This paper compares a cohort of violent lone actors (composed of lone-actor terrorists, and solo mass murderer attackers) from 1990 to 2005 with a cohort from 2006 to 2013.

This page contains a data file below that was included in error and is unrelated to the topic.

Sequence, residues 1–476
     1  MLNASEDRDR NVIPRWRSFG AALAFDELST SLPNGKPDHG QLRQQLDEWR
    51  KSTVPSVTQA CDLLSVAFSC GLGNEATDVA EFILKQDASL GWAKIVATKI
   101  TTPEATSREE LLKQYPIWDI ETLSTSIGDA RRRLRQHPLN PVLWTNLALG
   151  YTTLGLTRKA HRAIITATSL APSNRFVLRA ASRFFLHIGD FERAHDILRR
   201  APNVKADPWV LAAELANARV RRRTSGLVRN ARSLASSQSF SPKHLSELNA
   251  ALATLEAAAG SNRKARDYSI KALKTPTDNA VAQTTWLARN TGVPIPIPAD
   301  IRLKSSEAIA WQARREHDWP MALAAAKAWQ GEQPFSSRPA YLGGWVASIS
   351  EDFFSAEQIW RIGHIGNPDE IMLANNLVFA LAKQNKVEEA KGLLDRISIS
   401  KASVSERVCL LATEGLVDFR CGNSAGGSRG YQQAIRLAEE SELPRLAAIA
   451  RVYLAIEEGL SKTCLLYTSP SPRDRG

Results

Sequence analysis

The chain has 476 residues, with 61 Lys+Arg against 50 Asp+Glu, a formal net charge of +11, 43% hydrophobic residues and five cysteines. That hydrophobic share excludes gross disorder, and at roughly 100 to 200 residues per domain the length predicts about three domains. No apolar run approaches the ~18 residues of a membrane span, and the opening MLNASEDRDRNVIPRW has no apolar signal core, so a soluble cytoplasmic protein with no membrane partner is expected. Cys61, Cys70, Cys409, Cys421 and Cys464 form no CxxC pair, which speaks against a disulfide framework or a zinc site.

A burgeoning literature exists on indicators associated with lone-actor terrorism, spree shooters, mass murders and other forms of targeted violence. Such studies of low- likelihood, high-impact crimes largely suffer from 2 interrelated problems: low base rates and long observational periods. These studies largely fail to consider whether risk factors are driven by temporal-cohorts within the wider observation pool or are uniform across the expanses of time under consideration. The current study found no significant differences in terms of sociodemographic variables across the 2 temporal periods. The 2006 to 2013 cohort was significantly more likely to use the Internet in their attack planning, have a history of previous imprisonment, engage in multiple attack methods (e.g., a bombing and a shooting), and target ordinary citizens rather than a political or military target for example. The results also indicate that the 2006 through 2013 period contains fewer offenders who (a) had previous military experience, (b) made verbal statements to family/friends/wider audiences about their intent and beliefs, (c) socialized face to face with members of a wider network, (d) experienced being degraded or the target of an act of prejudice or unfairness, (e) experienced a recent stressor, and (f) interacted face-to-face with others holding a similar grievance. The conclusion discusses the research and operational implications of these findings. (Publisher Abstract Provided)
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